That’s about it, folks. There will eventually be a part two of this list describing adventures in transportation, living quarters, job hunting, and getting my ID number to allow me to work in the country. But since I don’t think anyone will be following me to the other side of the planet until at least April, we’ve all got time to let me tread through the waters first 😊

 

 

Posted in Changes, grief, Lessons, People, The Barista

living canvas

Bleary-eyed in the predawn darkness as I got ready for work, I caught sight of my new tattoo and shuddered into wakefulness. This piece, long anticipated, was now stuck on my body forever. The vivid ink taunted me, the black strokes glistening from my formerly unblemished skin. I was exposed, permanently opening myself up to lines of questioning I might not be willing to answer. I had tattooed my soul onto a living canvas and given permission to the world to ask probing questions.

 

Less than a year later, I got my second one.

 

Very few people have ever commented on my marked skin. Some look at the cyclic structure of the caffeine molecule on my arm and think I’m a scientist. Some wonder what the funny numbers on my leg are supposed to be. Most nod approvingly after hearing the elevator pitch and the conversation shifts, my small markings a mere aside in the greater world.

 

I sought after the ink, but watched it sit on my skin as though resting there. Absorbing it into part of me was a much longer, much more detached process. I know they are a part of me and I instantly rub sunscreen on them when I’m exposed, but nowadays I mostly let them be. I don’t stroke them absentmindedly during a movie, I don’t admire them in a mirror when I catch my reflection in a store. They simply are.

 

On rare occasions, someone will dig deeper. Probe just a bit further.

 

“Those coordinates – is that Denver?”

Surprised, I described how a little village in Europe which started my travels a decade prior was the actual location mapped on my calf.

“Ah, I was thinking west, not east…”

And then it moves on again, but this conversation is just a fraction more beautiful. Do you truly speak my language? Does this mean something to you, too?

 

I’m starting to realize grief is an awful lot like a tattoo.

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Oh, yes, you know intellectually that you will lose someone important at some point in your life. But when it does happen, you wear it with anxiety and see your grief with every glance in the wrong direction. You feel as though it is the only thing others notice when they look your way: how can they not see this message written permanently in your eyes? Your shoulders must reflect the colors of loss, it must be impossible to ignore it!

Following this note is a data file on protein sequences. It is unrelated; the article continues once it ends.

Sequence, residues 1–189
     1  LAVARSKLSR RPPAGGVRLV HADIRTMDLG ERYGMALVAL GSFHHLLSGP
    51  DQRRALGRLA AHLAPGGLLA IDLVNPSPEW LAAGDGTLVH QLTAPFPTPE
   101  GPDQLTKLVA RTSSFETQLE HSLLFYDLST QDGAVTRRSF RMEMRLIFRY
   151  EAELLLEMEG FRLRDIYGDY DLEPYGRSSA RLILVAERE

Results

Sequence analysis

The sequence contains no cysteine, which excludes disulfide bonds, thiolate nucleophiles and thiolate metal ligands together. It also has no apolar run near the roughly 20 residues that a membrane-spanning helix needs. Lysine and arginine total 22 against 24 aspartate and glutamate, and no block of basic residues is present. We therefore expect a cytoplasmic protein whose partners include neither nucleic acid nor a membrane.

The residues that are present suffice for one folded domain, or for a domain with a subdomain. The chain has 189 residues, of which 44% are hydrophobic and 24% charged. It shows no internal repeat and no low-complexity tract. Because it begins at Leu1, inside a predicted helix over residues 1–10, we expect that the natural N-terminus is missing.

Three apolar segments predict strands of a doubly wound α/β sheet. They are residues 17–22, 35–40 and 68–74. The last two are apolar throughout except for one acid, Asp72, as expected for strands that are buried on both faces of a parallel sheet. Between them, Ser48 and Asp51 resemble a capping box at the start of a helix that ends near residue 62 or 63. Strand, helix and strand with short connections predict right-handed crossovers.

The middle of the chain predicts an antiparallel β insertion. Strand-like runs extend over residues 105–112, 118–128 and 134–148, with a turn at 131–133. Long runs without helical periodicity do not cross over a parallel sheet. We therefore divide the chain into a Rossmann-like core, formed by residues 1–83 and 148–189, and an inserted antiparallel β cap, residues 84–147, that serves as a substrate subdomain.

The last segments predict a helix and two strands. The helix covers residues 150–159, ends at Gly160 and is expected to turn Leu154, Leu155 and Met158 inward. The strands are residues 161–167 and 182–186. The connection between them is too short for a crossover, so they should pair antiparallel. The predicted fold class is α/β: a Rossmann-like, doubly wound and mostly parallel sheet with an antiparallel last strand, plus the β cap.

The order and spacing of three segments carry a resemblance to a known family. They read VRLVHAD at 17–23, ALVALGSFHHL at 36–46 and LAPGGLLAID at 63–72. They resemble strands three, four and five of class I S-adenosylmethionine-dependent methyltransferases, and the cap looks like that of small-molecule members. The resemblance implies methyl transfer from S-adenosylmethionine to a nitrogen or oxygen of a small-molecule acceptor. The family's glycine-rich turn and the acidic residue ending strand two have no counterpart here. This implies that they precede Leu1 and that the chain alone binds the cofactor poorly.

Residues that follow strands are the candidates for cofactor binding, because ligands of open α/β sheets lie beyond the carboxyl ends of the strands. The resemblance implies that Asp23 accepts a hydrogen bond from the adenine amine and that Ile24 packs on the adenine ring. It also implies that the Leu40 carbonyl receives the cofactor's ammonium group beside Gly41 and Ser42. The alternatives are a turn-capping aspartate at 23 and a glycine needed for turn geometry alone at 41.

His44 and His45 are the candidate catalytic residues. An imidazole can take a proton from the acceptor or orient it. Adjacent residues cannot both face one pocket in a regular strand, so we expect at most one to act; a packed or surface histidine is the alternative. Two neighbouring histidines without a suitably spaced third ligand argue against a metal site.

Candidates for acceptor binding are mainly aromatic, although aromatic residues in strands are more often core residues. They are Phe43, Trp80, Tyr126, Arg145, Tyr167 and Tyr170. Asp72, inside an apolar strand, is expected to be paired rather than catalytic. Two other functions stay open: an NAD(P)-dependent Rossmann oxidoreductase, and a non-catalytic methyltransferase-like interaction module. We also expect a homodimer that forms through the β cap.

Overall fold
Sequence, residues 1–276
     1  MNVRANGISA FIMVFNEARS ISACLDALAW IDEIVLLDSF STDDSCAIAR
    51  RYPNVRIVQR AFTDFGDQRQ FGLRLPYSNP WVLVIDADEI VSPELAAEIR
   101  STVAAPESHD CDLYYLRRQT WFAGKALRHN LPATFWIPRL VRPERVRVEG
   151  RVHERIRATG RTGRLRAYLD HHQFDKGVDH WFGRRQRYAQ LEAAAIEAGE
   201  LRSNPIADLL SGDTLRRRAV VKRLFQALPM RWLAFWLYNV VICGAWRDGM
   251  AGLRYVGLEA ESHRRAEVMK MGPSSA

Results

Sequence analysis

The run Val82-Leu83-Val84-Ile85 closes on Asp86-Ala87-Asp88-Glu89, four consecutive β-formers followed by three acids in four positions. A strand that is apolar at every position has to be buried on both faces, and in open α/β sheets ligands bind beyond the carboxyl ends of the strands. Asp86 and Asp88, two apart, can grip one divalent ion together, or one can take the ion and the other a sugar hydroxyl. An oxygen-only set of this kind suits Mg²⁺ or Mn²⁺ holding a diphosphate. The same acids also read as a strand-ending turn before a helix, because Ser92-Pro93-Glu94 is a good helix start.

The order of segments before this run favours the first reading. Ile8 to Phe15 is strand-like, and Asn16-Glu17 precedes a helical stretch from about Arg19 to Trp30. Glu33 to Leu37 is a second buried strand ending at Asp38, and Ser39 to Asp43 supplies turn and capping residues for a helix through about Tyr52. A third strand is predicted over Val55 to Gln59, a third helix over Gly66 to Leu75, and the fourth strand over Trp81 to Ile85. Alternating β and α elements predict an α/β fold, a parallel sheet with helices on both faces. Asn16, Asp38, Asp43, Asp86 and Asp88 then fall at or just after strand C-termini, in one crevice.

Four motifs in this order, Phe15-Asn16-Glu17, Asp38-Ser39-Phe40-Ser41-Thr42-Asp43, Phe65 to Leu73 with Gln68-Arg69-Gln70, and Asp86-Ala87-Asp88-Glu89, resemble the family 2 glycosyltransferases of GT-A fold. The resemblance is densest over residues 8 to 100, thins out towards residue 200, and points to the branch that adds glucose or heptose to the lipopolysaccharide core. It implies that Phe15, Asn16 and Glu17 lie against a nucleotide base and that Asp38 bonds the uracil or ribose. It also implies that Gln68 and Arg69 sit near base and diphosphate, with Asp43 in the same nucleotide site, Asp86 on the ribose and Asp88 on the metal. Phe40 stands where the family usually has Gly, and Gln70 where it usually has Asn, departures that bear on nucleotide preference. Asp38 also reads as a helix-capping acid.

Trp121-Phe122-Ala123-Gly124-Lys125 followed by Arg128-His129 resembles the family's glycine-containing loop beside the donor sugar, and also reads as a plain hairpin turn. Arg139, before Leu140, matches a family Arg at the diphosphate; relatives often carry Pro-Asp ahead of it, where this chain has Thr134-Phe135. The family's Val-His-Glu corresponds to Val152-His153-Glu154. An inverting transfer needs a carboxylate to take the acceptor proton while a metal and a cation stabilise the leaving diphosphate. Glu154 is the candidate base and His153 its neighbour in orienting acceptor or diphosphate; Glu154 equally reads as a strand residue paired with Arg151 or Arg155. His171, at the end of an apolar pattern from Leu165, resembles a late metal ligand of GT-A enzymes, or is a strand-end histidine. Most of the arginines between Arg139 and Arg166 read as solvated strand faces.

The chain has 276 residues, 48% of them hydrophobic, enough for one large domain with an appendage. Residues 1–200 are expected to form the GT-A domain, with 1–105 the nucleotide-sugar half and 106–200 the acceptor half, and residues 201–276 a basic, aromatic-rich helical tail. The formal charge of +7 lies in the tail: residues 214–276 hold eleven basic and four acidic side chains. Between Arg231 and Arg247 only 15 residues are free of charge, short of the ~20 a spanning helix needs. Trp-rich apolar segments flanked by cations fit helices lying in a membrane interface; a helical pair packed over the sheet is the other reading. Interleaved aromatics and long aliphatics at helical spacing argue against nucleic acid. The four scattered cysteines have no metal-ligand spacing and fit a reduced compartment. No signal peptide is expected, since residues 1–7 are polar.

But like the tattoo, it becomes a part of you. It never truly goes away. It just becomes a part of your reflection, as noticeable as the freckle by your eye or the bumps of your collar bone.

 

Oh, with time it will fade a bit. But you’ll still catch sight of it when you’re making dinner and the lump will gather in your throat. Some mornings it will seem so bright against your coffee that you can’t imagine how you didn’t notice it the day before. Sometimes weeks will pass before it pricks in your eyes and reminds you that it is still alive and well.

 

I wear my grief like my tattoos: easy to hide, but also easy to display. Not on purpose, like I did with the ink, but because that is where it chooses to lie. It chooses to wait for me to turn my wrist and remember how little sense it all makes. I am a living canvas, and I can’t hide from myself forever.

 

And oh, the conversations it generates. As with your tattoo, your grief will be reduced to pat answers. “Yes, he died. Thank you for your condolences, let’s move on, shall we?” 

 

Because you don’t know the stories. You’ve never heard of a riverbend in Poland, nor do you care. You don’t understand the marriage of art and science, nor do you care. You never knew the sparkle in his eyes of my renaissance man, nor do you care. You comment to fill the silence, and then it is over. There’s nothing wrong with that: they are my stories, after all.